Perkins was born in Queensland in 1907, and, although most of his long life was spent in California, he never caught the accent; he passed for English, but his intonation, rather than accent, remained Australian. He went from school to Malvern Technical School, where his father hoped he would become an engineer. But he had always wanted to act, starting with children's parts in pantomime.
At the age of 18, he signed on as a deck-hand on a Norwegian freighter and spent four months wandering round the Pacific. In 1927 he arrived in California with a friend who started a garage business, but he always had his eye on the movies. It was not easy to get in, even then, as he remembered:
I was 20 and well set-up. I'd been a champion athlete in Australia and a trackman. I was also a very determined young man. I would go around to studios and talk to casting directors. If I couldn't get any satisfaction from them, I'd go around to the back of Paramount and jump over the barbed wire.
In 1928 he got his first part, in The Divine Lady, directed by Frank Lloyd, and the following year he was Sergeant Cox in Journey's End. But it was also in 1929 that his real career took off, when he doubled for Rod La Rocque in The Delightful Rogue for RKO. He made a good match for Bill Boyd in all the Hopalong Cassidy films, and at various times did duty for Clark Gable, Spencer Tracy, Randolph Scott, Kirk Douglas, Red Skelton often ("With a red hairpiece on, I looked quite a bit like Red - in his hairpiece"), Danny Kaye and Gene Hackman. He was in King Kong (1933), Captains Courageous (1937) and, with Errol Flynn, in the famous The Adventures of Robin Hood (1938): "No pies in that one," he recalled, custard pies being a staple of the stuntman's lot. He was also in Mrs Miniver (1942), Bonnie and Clyde (1967) and Walking Tall (1973), but he was rarely out of a job until well on into his seventies.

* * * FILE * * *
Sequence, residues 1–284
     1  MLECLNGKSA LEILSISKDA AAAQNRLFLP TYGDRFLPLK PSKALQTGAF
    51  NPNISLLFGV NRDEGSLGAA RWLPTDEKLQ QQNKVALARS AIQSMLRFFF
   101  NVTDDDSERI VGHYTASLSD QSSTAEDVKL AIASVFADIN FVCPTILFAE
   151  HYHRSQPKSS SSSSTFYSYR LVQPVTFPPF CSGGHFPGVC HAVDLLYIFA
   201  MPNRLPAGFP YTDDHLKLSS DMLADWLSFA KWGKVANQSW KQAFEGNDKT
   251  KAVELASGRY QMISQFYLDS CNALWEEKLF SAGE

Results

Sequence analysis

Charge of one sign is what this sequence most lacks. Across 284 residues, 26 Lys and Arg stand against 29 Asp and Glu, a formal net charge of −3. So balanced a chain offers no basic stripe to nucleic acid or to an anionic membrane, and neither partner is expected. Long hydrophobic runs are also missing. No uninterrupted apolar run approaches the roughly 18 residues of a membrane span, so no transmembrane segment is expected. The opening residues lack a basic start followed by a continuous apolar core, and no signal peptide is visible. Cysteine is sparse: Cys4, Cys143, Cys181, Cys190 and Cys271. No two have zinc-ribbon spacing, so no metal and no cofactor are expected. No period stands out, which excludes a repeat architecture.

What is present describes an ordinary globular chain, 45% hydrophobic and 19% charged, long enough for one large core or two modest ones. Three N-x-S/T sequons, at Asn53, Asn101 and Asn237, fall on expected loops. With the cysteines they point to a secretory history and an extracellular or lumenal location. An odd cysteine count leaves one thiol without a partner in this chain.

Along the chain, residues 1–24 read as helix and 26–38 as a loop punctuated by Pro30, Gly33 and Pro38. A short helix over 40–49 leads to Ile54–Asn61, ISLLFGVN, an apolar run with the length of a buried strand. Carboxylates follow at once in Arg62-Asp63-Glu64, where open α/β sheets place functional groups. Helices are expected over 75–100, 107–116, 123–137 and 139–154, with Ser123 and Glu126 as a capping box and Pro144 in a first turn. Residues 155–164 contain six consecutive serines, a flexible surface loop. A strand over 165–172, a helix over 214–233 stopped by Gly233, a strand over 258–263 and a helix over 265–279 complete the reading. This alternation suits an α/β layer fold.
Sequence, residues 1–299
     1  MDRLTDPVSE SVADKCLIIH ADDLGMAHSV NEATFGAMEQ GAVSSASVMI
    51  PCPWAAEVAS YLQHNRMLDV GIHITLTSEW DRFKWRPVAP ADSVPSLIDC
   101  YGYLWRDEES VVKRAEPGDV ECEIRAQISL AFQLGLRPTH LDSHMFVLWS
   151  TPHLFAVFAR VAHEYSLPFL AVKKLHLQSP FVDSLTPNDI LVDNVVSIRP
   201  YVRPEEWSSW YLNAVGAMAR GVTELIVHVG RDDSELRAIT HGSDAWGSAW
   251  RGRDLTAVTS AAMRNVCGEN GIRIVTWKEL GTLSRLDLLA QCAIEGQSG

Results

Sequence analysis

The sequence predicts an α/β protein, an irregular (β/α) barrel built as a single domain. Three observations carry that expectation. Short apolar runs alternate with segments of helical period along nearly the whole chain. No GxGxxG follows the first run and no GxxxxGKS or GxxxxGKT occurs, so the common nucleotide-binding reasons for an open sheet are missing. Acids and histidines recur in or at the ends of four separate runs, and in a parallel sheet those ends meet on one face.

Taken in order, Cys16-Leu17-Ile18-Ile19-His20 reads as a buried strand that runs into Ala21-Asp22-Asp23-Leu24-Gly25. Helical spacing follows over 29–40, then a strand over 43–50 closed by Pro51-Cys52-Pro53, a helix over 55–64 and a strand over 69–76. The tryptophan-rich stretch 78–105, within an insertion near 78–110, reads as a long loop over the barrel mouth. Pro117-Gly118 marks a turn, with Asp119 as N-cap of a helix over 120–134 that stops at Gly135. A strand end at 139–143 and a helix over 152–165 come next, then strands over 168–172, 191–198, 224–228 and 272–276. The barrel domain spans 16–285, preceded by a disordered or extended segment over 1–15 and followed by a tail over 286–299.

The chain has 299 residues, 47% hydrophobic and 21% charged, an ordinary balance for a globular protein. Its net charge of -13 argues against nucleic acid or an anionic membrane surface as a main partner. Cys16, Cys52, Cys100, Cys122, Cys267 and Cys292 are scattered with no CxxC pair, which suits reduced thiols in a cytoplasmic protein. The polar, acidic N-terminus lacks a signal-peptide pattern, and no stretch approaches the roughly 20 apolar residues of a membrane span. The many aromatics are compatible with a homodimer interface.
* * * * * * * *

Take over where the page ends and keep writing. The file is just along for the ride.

In the early days there was no education for being a stuntman. It all had to be done by trial and error - error that could be fatal if you were not lucky, and, more than lucky, careful. Perkins believed in care: he had learned to ride as a child, and
I learned how to fall and tumble at school on the football field. We used to dive out of the willow trees, 20, 30, 40 feet and even higher, into the river. I learned how to control my body as a diver.
This sense of the limits to which the body could be stretched was his guide in what he did and, later, asked others to do: "If you're not 99.44 per cent sure you can do it successfully without hurting yourself, don't do it."
Two standard stunt nightmares were motorcycles and aeroplanes. Of the first, he felt "you have too much power floating between your legs to control". He very nearly lost his life this way in one of his earliest films. He had a sequence involving a lightning descent down a dirt trail, skidding through the hairpin bends. Careful as always, he did it three times before the scene was shot, but, when it was, he hit a soft patch on the edge of a bend and fell 30 feet to the bend below with the bike on top of him: